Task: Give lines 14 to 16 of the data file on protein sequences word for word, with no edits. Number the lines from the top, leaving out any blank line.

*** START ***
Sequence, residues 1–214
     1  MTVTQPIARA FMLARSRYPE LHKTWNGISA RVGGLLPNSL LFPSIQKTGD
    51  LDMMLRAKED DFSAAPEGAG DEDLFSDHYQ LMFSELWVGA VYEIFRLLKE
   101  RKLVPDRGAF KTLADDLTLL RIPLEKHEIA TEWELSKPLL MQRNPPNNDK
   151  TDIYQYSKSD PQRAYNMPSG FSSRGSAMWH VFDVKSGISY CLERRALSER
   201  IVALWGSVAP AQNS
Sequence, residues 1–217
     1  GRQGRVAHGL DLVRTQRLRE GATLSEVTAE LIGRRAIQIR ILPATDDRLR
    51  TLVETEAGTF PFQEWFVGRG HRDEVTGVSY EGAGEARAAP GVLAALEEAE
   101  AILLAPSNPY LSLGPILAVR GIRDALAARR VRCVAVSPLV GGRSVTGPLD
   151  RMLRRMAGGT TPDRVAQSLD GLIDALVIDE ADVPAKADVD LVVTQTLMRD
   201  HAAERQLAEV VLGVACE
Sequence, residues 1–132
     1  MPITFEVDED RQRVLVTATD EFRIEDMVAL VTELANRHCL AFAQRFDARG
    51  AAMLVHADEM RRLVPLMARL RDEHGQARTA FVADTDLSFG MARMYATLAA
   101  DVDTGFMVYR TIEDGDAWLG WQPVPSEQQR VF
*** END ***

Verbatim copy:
     1  MPITFEVDED RQRVLVTATD EFRIEDMVAL VTELANRHCL AFAQRFDARG
    51  AAMLVHADEM RRLVPLMARL RDEHGQARTA FVADTDLSFG MARMYATLAA
   101  DVDTGFMVYR TIEDGDAWLG WQPVPSEQQR VF